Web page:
28 October 2019 | Jared_Andrews
Deft Direction and Stellar Acting Carries the Movie
If you first "Ouija" film, you might have been inclined to skip this addition (a prequel) to the series. No one would blame you. "Ouija" is a laughably awful film. "Ouija: Origin of Evil" however, is a surprisingly competent and thoroughly enjoyable horror movie.
Perhaps it should not come as a surprise that "O of E" turned out so well. With the steady guidance of director Mike Flanagan (Hush, Oculus, Haunting of Hill House), one of the most consistent creators of scary stories in the business, we should expect high quality work. Once again, he delivers.
The story revolves around a recently widowed mother and her two daughters. At risk of losing their old, creepy and possibly haunted (definitely haunted) house, the mother resorts to work as a fake medium to make money, calling on her daughters to contribute to the ruse. Things get more exciting when the mother brings home a Ouija board, not knowing that sinister spirits would soon possess her younger daughter.
Then, as we witness the little girl's behavior grow increasingly strange, our goosebumps grow increasingly prevalent (because creepy little girls are a reliably freaky scary movie trope). The older sister soon suspects something, the little girl crawls on walls, and a priest shows up to help. That stuff is predictable and somewhat unoriginal. But this movie still works because of its splendid acting - the little girl, Doris (Lulu Wilson), is particularly impressive - and deft direction.
Mike Flanagan clearly knows how to run the show. He makes sure that "O of E" becomes a far cry from other horror movies of this ilk, which possess so little inventiveness in their direction.
With this film, we are treated to elegant camera movement, unnerving closeups, and evocative framing and angle choices that all appear purposeful and thought through. Instead of calling attention to an evil presence on screen with a hard cut, we simply see a shadowy figure crouching on the edge of the frame.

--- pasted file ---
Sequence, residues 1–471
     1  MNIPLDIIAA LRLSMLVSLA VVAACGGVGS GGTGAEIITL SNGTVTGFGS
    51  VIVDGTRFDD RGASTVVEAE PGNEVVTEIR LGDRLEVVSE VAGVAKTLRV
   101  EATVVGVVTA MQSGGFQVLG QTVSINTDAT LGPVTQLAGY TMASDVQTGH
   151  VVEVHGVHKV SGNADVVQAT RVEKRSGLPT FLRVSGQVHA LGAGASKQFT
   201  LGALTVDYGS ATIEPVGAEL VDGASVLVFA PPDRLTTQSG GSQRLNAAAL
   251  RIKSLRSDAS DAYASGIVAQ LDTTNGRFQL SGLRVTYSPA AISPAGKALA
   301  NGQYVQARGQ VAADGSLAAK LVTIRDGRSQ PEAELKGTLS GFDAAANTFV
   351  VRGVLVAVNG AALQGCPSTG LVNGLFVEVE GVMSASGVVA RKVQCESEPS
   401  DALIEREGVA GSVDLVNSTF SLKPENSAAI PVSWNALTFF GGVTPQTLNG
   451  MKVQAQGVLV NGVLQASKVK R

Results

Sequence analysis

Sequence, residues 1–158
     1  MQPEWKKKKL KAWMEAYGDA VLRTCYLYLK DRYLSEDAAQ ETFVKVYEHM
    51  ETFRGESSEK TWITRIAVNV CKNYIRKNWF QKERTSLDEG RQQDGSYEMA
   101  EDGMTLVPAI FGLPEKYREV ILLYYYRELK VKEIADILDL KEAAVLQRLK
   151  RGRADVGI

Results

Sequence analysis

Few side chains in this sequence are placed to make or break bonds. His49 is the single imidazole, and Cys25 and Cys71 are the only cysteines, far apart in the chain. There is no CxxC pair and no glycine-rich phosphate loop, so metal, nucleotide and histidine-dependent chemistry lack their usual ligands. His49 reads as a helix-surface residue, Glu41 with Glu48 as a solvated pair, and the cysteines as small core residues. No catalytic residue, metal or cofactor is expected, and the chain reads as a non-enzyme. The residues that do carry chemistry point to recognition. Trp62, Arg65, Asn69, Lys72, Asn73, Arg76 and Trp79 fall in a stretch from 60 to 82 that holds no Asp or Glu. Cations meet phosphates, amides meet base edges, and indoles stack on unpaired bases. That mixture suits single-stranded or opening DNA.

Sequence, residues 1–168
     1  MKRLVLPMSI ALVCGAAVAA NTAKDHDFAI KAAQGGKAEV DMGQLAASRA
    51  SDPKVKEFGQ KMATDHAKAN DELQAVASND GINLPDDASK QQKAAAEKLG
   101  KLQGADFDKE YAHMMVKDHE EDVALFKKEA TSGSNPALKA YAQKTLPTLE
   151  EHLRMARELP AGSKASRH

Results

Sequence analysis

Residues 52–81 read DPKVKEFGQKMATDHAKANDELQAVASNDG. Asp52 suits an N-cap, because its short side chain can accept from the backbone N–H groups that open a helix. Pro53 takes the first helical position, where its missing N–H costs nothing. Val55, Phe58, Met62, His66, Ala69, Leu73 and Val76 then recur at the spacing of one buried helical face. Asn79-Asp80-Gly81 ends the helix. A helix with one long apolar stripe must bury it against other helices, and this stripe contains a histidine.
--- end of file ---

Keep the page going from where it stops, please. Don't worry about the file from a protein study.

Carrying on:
Flanagan also chooses to include limited jump scares and, mercifully, no fake jump scares. Fake jump scares are what I call those moments of building tension when the sound goes silent, then suddenly there's a blast of jarring noise that makes us jump out of our seats as the camera reveals a harmless friend character. It's a cheap manipulation, a dirty trick. We deserve better, and Flanagan gives us better.
Rather than turning to a loud and bombastic score to sell scares, Flanagan relies on the editing and our natural inclinations as viewers to feel scared. He trusts that when something scary that unexpectedly appears in front of us on screen, it will deliver chills.
"O of E" delivers a slow-building eerie viewing experience. There are no excessive bursts of violence. Nothing is over-the-top. It's a small-scale movie, but one that is nonetheless effective. I recommend it to any fans of possession movies, especially if you prefer ones devoid of gore.